Sany Heavy Industry, the country's largest construction equipment group, in late January sealed a deal to acquire German concrete pump maker Putzmeister Holding GmbH, in what is claimed to be the largest Chinese-German transaction yet.
Sany will buy 100 percent of Putzemeister for 360 million euros, together with private equity company CITIC PE Advisors Ltd. by the end of the first quarter.
Xiang Wenbo, president of Sany, said the purchase will help upgrade Sany into a world-famous brand and usher in a globalized era with Putzemeister to become its global non-Chinese headquarter for concrete equipment.
"Acquiring our strongest rival will save us five years or a decade in the process of globalization," Xiang said. "The bid could herald a new era for us stepping on to the world stage and reduce exposure to the domestic economy."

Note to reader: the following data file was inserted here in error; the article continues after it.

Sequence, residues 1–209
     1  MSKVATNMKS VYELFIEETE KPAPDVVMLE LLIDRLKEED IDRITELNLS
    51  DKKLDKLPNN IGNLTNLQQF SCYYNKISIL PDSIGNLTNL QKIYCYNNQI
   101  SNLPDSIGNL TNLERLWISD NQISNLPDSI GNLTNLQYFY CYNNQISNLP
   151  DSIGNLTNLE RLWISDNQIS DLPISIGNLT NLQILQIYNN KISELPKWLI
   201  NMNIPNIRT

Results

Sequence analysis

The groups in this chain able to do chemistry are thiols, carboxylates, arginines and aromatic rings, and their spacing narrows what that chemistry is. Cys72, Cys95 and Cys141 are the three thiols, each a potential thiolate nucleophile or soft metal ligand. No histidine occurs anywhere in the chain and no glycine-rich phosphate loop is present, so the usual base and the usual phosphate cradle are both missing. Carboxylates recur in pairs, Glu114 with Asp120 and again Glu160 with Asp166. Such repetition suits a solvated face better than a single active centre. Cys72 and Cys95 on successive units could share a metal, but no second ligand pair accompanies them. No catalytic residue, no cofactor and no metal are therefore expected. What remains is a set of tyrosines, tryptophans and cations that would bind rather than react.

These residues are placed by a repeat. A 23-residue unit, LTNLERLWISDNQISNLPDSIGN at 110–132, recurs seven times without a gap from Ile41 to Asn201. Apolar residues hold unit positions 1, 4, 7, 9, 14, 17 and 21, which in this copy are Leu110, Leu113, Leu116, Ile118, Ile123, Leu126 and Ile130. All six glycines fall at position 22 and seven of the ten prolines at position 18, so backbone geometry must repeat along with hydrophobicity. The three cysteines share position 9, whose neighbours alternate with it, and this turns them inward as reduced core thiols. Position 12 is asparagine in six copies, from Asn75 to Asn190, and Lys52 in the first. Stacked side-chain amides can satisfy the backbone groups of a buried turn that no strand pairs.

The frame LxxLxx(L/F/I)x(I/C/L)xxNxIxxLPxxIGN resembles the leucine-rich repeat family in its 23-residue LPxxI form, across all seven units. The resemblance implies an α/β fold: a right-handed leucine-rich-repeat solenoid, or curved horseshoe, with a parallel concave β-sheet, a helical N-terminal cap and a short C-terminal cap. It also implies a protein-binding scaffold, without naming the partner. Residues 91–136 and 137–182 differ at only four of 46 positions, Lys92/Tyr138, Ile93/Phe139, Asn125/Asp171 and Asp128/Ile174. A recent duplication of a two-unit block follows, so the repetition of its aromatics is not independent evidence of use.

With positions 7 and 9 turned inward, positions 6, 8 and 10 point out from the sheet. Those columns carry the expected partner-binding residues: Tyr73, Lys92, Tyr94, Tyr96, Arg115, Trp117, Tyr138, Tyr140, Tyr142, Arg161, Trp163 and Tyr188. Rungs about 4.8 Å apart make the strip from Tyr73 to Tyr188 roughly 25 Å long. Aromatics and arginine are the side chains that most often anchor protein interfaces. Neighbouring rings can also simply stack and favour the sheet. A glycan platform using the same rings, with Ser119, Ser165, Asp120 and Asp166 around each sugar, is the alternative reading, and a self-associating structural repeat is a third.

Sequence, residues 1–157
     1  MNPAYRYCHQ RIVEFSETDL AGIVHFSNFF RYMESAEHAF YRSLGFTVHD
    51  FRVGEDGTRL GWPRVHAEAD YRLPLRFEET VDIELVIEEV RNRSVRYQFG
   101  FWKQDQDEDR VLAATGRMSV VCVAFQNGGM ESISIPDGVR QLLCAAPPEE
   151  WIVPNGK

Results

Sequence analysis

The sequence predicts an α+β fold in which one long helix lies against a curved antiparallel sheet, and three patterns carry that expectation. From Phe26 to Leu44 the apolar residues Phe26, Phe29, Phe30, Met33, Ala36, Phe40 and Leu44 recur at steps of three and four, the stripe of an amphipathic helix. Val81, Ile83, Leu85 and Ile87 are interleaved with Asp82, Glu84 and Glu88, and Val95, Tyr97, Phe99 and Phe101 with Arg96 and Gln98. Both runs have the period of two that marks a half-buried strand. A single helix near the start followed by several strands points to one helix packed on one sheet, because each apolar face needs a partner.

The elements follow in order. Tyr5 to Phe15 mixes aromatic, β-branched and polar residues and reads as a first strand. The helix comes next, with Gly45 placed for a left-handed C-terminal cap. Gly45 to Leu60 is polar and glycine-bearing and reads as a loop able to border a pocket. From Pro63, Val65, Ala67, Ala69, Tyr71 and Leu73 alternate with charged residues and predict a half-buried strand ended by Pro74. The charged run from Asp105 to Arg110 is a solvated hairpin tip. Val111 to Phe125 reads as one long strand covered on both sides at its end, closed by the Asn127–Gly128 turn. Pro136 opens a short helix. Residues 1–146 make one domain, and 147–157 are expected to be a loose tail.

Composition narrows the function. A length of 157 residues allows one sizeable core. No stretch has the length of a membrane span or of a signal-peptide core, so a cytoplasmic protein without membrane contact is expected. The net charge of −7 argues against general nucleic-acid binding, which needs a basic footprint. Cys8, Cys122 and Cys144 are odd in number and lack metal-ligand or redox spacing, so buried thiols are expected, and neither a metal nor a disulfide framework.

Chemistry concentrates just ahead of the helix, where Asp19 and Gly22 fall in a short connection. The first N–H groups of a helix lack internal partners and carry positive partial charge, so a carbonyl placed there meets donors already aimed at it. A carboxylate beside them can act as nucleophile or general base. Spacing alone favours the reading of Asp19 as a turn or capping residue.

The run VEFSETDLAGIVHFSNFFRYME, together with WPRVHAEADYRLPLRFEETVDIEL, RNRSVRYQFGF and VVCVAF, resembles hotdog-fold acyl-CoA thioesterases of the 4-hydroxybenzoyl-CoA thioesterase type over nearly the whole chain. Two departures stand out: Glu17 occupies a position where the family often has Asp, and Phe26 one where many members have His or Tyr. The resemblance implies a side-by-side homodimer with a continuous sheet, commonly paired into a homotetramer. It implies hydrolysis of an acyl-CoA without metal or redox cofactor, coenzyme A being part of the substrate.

Sany overtook Putzmeister as the world's largest concrete pumps manufacture by sales in 2009 when Putzemeister experienced a drastic revenue slump of 50 percent year-on-year, leading to hundreds of job cuts.
The case, though still subject to approval by regulatory authorities, is hailed as of comparable significance to the Geely-Volvo M&A of two years ago.
In 2010, Zhejiang Geely Holding Group Co. threw Volvo a lifeline, in the biggest overseas acquisition by a Chinese carmaker, and Volvo, after four years of losses, has realized net income of 196 million U.S. dollars in the first half of 2011.
UPSURGE OF "GO-GLOBAL"
Analysts have attributed their successes to the global economic slow-down providing opportunities for fast-growing Chinese companies seeking to "go global."
"Since the outbreak of the financial crisis in 2008, Chinese enterprises have quickened their pace toward the world market. Through acquisition, they can acquire brands, advanced technology and globalized talents," said Zhang Shuming, chief of Zhejiang provincial office of foreign investment and economical cooperation.
In 2011, Chinese enterprises have landed a historic 207 overseas M&A deals, up 10 percent year-on-year, and the total volume of trade reached 42.9 billion U.S dollars, an increase of 12 percent compared with the year before.